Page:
Energy has been the number one hope and concern for investors since the middle of last year. In my series Oil & the Black Swan I pointed out some of the challenges and benefits of lower oil prices. While I fully recognize there are both economic and geopolitical concerns that can’t be ignored, ultimately the world will learn to live with lower energy prices. The economic benefits are too great to be ignored. However, the speed with which prices have fallen does create both geopolitical uncertainty and near term financial pressure for some sectors of our economy.
At the top of the list of concerns is energy companies who’ve seen their earnings, revenue and equity prices fall dramatically. With a 9% weighting in the S&P it adds to the index pressure. The damage isn’t just limited to the companies themselves. The banking sector has exposure with some banks having close to 20% of their leveraged loans in energy. In addition, about 16% of the high yield market is exposed to the sector.
Already some energy firms are slashing thousands of jobs with more carnage on the way. Even if OPEC decides to reverse course it’s clear that new technologies have increased the production of oil and natural gas. The actions of OPEC choosing not to cut production have until recently accelerated the fall in the price of crude. Several of the majors have already announced significant capex cuts. It’s important to remember that when oil finally does rise, some of that lost production is likely to come back online. In addition, alternatives will increasingly play a role in our energy grid.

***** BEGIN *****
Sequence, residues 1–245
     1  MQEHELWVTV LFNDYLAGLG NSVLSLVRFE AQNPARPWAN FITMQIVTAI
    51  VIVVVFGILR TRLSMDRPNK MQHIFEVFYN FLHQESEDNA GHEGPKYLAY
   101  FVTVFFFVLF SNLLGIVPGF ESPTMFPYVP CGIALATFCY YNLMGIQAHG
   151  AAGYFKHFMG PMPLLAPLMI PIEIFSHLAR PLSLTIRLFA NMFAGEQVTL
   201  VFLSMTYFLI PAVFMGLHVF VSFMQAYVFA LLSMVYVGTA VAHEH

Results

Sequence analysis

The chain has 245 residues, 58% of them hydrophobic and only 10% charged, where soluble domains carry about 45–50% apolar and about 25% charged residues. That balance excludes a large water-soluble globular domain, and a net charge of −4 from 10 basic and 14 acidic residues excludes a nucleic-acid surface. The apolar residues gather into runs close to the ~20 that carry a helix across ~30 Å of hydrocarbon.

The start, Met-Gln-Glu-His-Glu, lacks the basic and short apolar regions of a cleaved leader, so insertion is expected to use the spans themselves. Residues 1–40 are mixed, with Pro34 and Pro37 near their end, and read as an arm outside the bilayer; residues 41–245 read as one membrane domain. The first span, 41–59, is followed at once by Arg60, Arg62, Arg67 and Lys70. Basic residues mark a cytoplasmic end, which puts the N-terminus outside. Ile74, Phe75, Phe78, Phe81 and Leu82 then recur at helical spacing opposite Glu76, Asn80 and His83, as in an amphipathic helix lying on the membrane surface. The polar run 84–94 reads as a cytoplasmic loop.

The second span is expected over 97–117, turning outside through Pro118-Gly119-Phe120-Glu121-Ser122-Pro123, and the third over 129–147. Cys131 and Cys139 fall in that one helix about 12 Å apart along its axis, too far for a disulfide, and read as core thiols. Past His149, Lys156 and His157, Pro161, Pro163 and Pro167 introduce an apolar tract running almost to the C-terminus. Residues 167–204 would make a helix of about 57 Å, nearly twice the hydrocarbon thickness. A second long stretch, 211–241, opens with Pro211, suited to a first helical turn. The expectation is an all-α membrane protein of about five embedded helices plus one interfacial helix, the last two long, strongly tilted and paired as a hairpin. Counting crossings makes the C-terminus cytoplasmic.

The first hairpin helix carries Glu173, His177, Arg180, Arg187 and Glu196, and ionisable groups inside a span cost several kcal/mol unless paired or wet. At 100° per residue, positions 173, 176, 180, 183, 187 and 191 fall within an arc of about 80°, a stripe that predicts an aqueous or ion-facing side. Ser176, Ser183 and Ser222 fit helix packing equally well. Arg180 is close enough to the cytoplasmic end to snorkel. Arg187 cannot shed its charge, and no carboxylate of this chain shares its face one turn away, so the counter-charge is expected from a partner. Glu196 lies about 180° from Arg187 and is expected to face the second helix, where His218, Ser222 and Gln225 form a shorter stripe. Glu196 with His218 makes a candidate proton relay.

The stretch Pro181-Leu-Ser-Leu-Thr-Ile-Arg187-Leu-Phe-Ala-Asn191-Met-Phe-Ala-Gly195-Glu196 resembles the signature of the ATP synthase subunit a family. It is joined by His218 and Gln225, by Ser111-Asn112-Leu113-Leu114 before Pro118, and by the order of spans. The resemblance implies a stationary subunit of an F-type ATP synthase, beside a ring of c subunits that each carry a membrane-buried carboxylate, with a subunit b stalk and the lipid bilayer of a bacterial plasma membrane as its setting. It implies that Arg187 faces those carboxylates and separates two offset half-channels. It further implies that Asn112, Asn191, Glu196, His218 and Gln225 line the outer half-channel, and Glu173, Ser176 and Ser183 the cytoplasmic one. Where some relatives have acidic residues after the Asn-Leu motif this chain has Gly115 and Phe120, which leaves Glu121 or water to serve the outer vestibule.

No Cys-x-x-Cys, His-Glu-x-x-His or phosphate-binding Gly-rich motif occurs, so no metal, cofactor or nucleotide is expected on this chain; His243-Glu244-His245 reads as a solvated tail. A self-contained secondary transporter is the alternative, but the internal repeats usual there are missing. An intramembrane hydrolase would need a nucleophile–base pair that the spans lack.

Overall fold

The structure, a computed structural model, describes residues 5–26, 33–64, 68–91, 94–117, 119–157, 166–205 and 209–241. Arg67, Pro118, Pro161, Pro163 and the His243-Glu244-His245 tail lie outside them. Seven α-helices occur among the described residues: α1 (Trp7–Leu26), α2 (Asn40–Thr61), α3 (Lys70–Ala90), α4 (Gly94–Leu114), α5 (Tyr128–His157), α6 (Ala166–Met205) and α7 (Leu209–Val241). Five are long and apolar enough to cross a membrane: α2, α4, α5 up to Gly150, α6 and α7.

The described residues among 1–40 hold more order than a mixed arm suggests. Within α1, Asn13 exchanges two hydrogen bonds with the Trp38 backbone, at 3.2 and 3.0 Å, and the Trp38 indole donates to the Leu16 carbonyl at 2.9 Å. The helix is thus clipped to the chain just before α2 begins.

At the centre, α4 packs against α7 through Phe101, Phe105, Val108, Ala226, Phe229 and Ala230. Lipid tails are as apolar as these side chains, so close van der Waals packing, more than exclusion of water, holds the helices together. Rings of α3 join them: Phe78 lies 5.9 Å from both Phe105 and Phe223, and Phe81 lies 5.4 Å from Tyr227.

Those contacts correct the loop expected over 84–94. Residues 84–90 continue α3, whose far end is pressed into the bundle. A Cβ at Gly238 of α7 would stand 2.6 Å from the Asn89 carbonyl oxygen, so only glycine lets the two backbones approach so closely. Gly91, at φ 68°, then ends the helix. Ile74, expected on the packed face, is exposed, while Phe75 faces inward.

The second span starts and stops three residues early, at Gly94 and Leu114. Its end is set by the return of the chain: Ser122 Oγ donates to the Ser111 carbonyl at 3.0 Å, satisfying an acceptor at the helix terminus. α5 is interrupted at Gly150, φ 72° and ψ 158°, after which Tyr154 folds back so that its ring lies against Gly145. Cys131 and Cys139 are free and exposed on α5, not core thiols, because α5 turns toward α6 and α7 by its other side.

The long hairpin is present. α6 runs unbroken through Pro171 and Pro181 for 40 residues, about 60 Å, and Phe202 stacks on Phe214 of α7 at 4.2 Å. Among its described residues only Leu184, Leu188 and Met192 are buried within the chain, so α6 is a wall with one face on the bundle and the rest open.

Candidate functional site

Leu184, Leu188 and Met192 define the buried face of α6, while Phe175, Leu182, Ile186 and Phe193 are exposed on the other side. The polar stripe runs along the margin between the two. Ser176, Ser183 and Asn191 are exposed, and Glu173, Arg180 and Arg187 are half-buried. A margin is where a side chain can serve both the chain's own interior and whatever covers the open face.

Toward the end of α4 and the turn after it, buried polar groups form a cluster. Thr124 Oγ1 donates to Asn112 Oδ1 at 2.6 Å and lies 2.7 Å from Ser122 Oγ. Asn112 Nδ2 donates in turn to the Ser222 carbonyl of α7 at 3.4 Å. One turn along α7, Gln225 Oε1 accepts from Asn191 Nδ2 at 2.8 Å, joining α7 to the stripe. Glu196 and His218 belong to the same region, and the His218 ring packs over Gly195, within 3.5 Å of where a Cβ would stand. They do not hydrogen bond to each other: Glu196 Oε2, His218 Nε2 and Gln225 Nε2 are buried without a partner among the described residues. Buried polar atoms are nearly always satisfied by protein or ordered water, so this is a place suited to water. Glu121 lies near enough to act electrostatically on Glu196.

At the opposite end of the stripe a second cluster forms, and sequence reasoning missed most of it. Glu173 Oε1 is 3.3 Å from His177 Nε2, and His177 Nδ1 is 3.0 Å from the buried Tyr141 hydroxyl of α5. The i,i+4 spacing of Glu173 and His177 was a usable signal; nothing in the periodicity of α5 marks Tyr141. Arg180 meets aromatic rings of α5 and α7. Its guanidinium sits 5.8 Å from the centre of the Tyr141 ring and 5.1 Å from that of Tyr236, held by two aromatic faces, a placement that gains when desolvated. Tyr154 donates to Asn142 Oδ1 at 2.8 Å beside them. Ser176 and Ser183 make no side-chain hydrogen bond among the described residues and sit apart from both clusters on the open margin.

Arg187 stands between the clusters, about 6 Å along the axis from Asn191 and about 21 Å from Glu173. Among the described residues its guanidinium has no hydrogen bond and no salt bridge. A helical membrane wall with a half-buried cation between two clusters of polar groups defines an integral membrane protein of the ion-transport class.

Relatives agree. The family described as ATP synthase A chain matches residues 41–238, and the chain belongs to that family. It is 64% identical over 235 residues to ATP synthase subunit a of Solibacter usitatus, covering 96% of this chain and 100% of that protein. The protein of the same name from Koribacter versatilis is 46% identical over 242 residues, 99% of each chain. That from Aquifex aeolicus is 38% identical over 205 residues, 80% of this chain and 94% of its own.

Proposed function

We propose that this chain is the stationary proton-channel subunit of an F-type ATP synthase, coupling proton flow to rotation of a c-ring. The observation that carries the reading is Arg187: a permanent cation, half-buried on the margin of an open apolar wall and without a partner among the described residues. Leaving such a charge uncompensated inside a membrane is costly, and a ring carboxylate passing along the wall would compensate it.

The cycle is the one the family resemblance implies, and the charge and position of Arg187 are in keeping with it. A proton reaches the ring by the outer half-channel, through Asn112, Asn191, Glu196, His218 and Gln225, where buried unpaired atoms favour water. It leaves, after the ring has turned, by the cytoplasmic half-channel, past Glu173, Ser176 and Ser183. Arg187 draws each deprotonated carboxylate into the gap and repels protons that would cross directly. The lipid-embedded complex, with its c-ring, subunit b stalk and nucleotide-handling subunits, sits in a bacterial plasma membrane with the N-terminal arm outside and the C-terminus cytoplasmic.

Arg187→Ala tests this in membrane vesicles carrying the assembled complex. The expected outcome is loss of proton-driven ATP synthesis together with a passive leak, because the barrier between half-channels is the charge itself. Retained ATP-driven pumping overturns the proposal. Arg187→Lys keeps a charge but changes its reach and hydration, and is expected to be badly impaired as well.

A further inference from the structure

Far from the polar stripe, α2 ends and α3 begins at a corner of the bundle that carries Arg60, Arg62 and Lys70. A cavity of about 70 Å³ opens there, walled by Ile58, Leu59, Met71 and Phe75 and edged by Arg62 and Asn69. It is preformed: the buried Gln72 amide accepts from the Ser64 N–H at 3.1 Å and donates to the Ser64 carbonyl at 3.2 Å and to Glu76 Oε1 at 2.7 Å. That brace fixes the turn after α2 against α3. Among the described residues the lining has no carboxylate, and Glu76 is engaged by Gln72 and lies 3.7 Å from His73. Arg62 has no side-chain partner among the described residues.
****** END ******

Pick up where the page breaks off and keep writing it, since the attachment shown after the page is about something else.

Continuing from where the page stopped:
OPEC has its own internal pressures. With most governments being forced to pump full out to support social programs and ballooning budgets their role as a swing producer is likely reduced.
I have no idea where oil will bottom. However, I believe the trading band has made a secular shift to lower prices. Even Saudi Prince Alaweed bin Talal told the press and media “we will never see $100 oil again.” We shall see.
True to the January Redux theme Utilities once again were the best performing sector followed by Healthcare. Utility performance is of course being driven by the dividend yield. When the interest rate cycle turns this will be the hardest hit sector. For now it is the safe haven.
The First to Fall
With profit centers being systematically stripped away, banks will have to find new ways to increase the top and bottom line. Alpha Select dumped all bank exposure prior to the start of earnings. While they are no longer growth stocks, at the right price they will find their way back into the model. The banks were the first to fall but I think it’s important to point out the financial sector is going through a secular downshift. The grip of Washington along with massive regulation has made them more like regulated utilities. My article Buying a Bank? from early last month spoke to some of the challenges the industry faces. They have the same tickers and familiar logos but they sure aren’t the same companies from years’ passed. The chart from Factset displaying sector surprises shows why investors are concerned.